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Thursday, 3 July 2014


   Still travelling west towards the western coast and the seaside town of Derby, we chose a site for an overnight lay-by that were expected to be boringly similar to others that we have encounted. On arrival, we were indeed pleased to find a magnificent Boab tree in the centre of a small area just off the road with a good level gravel surface for a change. Although Boab Trees can be seen all along the route that we had taken, some very large in dimension, this specimen was a massive example and probably close to its ultimate maturity. I paced the circumference and it measured 26 good strides which indicated to me that it was at least 20 metres. I estimate the height to be about 12 metres or so. An additional amazing feature was that the trunk was essentially hollow with a cavity accessible through a large hole in the trunk that served as a doorway. "room" began about 2 metres below ground level with a roof some 3 metres high. I would say that at least 10 people could comfortably be accomodated inside. I had heard of a large Boab in Derby called "The Prison Tree" that was estimated to be 1500 years old, however, those that had seen it, said that this specimen was much bigger and therefore presumably a lot older. 
(Click on a Photo to enlarge)

Inside the giant Boab could house 10 people

  The Australian Boab tree (Adansonia gregorii) is in the family Malvaceae. It is related to the Madagascan and African Adansonia species known as Baobabs.  It is sometimes called a "bottle tree" but in Australia they are usually referred to as just Boabs. The name "bottle tree" relates to the swollen trunk that can reach a massive girth of up to 20 metres, about as big as ours. Endemic to Australia, Boabs occur in the Kimberley region of Western Australia, where we are now and east into the Northern Territory.  The trees are deciduous, dropping all their leaves during the dry season. Since the dry season is also the main tourist season, most travellers only get to see the grey brown skeletons. We were very lucky as it is early in the dry and most still had their leaves, including this one.

An immature Boab Tree
  There are two theories about how Boab trees arrived in Australia. One says the seeds have floated here from Africa and spread from the coast. The other theory suggests Boabs might have survived from the time when Africa and Australia were both still part of one continent, the ancient Gondwanaland, 65 million years ago.
  A mature Boab like this specimen is magnificent. Though not very high, up to 15 metres, they are huge. . Every Boab tree is unique.  In fact the range of shapes and sizes that can be seen whilst in this region is amazing. The Boab is a very slow growing tree.Some individual Boabs are sad to be 1500 years old and older, which makes them the oldest living beings in Australia, and puts them amongst the oldest in the world..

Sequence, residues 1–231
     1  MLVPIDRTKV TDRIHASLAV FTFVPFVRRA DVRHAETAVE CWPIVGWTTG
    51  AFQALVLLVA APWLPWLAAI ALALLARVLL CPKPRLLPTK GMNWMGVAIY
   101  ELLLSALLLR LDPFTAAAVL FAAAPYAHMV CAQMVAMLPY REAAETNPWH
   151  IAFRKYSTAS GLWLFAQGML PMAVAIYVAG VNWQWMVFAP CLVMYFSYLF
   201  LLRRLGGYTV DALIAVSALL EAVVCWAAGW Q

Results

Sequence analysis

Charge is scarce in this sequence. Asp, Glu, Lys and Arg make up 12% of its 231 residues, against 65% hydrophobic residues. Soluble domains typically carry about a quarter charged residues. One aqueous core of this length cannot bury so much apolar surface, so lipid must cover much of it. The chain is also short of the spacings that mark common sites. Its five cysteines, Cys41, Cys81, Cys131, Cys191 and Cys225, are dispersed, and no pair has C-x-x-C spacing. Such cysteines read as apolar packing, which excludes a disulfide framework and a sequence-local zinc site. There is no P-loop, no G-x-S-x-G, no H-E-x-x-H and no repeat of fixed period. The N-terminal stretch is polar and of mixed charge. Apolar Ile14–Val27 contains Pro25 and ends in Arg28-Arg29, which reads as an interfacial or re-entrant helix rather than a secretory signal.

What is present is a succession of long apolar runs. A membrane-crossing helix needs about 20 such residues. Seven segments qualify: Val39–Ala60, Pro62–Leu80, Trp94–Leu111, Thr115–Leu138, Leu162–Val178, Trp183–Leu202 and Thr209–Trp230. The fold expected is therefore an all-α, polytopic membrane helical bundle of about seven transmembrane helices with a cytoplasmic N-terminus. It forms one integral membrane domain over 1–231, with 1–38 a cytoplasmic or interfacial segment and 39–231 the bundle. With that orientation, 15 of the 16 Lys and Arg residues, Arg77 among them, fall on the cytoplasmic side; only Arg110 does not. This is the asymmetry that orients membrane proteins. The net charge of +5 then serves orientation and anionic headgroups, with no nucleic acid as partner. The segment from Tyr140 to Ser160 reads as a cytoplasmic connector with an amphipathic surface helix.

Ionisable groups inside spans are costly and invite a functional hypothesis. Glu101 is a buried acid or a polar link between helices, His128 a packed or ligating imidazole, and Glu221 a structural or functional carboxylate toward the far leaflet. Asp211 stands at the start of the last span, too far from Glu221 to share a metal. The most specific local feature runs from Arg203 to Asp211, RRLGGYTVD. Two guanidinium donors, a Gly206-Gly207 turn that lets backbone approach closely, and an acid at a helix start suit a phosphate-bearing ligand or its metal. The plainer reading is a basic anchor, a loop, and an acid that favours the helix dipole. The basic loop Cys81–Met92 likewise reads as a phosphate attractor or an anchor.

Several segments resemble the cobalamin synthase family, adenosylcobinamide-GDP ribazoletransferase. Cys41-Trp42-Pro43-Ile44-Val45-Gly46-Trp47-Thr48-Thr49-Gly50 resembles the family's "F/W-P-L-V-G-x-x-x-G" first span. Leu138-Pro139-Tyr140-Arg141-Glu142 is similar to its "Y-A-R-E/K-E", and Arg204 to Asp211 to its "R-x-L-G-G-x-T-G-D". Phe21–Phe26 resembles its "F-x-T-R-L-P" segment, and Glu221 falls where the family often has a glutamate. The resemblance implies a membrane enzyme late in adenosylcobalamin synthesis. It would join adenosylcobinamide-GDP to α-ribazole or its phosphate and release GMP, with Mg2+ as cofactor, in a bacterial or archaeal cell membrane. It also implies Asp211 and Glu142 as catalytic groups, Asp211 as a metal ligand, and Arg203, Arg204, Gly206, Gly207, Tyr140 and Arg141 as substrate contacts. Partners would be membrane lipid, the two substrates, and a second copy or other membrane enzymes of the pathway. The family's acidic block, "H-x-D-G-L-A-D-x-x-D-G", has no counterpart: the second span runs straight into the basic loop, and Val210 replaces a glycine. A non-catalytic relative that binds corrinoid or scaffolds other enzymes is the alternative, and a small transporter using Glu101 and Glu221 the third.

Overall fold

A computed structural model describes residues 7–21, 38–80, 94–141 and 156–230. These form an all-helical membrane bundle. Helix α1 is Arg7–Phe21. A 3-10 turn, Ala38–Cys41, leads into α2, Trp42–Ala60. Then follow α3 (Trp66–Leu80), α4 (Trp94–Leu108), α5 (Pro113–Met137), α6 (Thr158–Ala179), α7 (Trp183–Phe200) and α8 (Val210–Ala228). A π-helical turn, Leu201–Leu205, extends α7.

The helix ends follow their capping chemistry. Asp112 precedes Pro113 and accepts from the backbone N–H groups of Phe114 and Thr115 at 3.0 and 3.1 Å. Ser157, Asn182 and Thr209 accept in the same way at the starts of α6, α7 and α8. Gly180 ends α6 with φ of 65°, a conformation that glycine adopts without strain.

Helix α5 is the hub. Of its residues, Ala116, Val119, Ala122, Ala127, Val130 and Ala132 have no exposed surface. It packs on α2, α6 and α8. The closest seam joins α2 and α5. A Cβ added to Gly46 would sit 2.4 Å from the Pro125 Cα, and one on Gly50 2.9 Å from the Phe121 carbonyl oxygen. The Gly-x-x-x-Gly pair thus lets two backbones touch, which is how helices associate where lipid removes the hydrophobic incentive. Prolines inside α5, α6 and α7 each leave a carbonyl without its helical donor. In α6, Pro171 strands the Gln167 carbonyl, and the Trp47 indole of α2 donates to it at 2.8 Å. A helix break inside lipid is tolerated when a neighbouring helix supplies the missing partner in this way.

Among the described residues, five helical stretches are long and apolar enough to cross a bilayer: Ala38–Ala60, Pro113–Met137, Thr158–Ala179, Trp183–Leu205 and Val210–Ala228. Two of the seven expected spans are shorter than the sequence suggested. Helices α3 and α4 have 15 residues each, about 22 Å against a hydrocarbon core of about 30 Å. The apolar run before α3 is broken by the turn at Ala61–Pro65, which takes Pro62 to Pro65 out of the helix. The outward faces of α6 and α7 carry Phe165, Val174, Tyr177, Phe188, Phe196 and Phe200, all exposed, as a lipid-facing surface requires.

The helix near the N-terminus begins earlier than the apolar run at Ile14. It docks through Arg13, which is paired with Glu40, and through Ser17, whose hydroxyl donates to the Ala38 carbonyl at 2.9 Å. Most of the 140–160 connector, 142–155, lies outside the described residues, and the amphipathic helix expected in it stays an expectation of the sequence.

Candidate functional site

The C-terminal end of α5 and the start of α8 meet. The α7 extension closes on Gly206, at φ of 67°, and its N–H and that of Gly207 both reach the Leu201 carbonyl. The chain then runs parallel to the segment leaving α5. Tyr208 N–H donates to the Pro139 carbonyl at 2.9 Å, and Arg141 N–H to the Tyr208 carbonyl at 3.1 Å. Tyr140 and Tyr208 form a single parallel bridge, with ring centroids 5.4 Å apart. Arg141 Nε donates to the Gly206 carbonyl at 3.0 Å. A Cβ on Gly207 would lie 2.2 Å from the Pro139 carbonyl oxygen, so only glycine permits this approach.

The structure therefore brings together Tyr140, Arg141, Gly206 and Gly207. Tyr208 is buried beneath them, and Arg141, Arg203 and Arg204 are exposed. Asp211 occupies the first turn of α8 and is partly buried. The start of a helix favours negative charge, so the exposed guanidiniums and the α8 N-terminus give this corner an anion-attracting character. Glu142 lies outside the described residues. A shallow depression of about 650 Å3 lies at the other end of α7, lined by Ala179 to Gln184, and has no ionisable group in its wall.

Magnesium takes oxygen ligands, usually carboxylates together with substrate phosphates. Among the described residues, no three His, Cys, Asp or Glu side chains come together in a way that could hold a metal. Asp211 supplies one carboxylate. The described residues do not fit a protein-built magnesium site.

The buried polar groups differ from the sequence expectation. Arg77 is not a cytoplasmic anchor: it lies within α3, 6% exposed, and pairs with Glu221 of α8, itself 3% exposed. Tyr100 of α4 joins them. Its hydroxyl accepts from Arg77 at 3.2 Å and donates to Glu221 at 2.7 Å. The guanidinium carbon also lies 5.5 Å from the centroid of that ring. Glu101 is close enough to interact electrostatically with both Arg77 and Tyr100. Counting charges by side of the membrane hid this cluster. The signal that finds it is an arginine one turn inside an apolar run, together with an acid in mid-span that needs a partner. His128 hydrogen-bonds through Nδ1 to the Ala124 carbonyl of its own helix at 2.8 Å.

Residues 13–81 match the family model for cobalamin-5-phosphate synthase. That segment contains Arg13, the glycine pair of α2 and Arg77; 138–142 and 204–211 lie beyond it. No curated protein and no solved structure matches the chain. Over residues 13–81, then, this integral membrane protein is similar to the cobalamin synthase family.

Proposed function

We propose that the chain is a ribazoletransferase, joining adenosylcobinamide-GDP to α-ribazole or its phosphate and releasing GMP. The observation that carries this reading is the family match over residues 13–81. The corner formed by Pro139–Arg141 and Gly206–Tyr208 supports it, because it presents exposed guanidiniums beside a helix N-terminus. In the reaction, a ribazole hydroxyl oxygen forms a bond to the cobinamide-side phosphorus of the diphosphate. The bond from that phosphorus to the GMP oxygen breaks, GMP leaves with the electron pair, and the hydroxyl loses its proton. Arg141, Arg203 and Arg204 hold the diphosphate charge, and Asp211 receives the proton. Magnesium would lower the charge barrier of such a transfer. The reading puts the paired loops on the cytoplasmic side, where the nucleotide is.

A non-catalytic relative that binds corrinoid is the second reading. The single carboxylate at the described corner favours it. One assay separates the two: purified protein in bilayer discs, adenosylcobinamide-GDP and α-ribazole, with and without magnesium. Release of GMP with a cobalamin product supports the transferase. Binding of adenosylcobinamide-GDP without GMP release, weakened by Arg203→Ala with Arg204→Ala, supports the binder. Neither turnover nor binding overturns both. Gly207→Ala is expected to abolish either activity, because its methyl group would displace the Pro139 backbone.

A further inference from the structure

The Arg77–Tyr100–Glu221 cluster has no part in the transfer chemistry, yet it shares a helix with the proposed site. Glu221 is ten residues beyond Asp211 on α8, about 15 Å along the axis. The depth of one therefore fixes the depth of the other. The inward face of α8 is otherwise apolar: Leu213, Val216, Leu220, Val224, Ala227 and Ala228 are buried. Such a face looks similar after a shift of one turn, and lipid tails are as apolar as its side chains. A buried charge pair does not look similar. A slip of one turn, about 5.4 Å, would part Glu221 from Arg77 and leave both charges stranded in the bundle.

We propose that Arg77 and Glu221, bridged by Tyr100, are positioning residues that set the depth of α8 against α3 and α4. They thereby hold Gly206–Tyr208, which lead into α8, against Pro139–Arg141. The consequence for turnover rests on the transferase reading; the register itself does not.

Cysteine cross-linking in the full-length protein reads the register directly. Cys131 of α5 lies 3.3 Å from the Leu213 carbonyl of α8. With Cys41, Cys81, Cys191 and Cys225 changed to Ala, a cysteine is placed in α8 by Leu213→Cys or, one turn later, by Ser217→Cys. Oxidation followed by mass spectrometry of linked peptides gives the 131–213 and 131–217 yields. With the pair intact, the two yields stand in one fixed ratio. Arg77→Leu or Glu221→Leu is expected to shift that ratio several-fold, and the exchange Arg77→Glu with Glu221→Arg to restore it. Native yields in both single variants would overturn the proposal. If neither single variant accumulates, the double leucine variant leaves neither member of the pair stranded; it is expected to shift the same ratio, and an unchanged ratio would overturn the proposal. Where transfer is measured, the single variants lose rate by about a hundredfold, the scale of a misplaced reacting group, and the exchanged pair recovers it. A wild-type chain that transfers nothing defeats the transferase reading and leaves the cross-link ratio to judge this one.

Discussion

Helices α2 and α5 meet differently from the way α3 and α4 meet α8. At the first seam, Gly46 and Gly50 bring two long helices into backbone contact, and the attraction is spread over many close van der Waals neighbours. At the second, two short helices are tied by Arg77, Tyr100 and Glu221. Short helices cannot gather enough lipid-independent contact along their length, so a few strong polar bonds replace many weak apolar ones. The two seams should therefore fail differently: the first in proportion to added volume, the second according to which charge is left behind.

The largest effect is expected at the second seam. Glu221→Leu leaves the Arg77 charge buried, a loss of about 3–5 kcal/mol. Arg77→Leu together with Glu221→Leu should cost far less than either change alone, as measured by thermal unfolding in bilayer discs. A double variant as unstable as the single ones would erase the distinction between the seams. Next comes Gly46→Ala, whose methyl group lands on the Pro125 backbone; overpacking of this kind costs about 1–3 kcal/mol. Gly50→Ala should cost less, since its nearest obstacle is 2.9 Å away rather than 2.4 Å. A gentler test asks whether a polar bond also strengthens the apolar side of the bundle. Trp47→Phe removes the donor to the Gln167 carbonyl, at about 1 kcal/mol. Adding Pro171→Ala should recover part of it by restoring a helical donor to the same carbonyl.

"Aboriginals used the giants as shelter, food and medicine. For the white settlers, they served as easily recognizable land marks and meeting points, and as impromptu prison cells, such as the “Prison Tree” in Derby estimated to be 1500 years old."  All Adansonia species, Australian and African, have long been used as a staple food source by the indigenous populations. Seeds, pith, in fact most parts of the tree are edible. Studies on the African species have shown parts of the tree to be exceptionally high in Vitamin C, more than ten times the Vitamin C content of oranges!  It is known that the Australian Boab seeds are very high in Vitamin C as well.

The Fruit of the Boab like all parts of the tree are edible

  We  found yet another tree of interest here, the Bloodwood. The name Bloodwood stems from the dark red to brown kino, the name of the plant gum produced by various plants and trees, particularly Eucalyptus, in reaction to mechanical damage that accumulates on wounds on the trunks. In Australia the name refers to either of two distinct groups of eucalypt of the genus Corymbia.

  Wait! there is more. We also encountered a most interesting fellow. Mike Pauly is walking, pushing a sort of buggy, around Australia, on this leg from Fremantle south of Perth to Darwin, raising funds for Arthritis Research and Men's Health via the Men's Shed organisation. That is a distance of at least 3500 - 4000 kms. When asked if he needed anything he answered that Vegemite and Baked Beans would be appreciated. Luckily, I could provide a 3/4 full jar of Vegemite and Marj supplied a tin of beans and a small cash donation. With that Mike parted company to continue his journey, If you wish to find out more about his exploits or to make a donation to his cause, I suggest that you visit his website,

Mike and Marj

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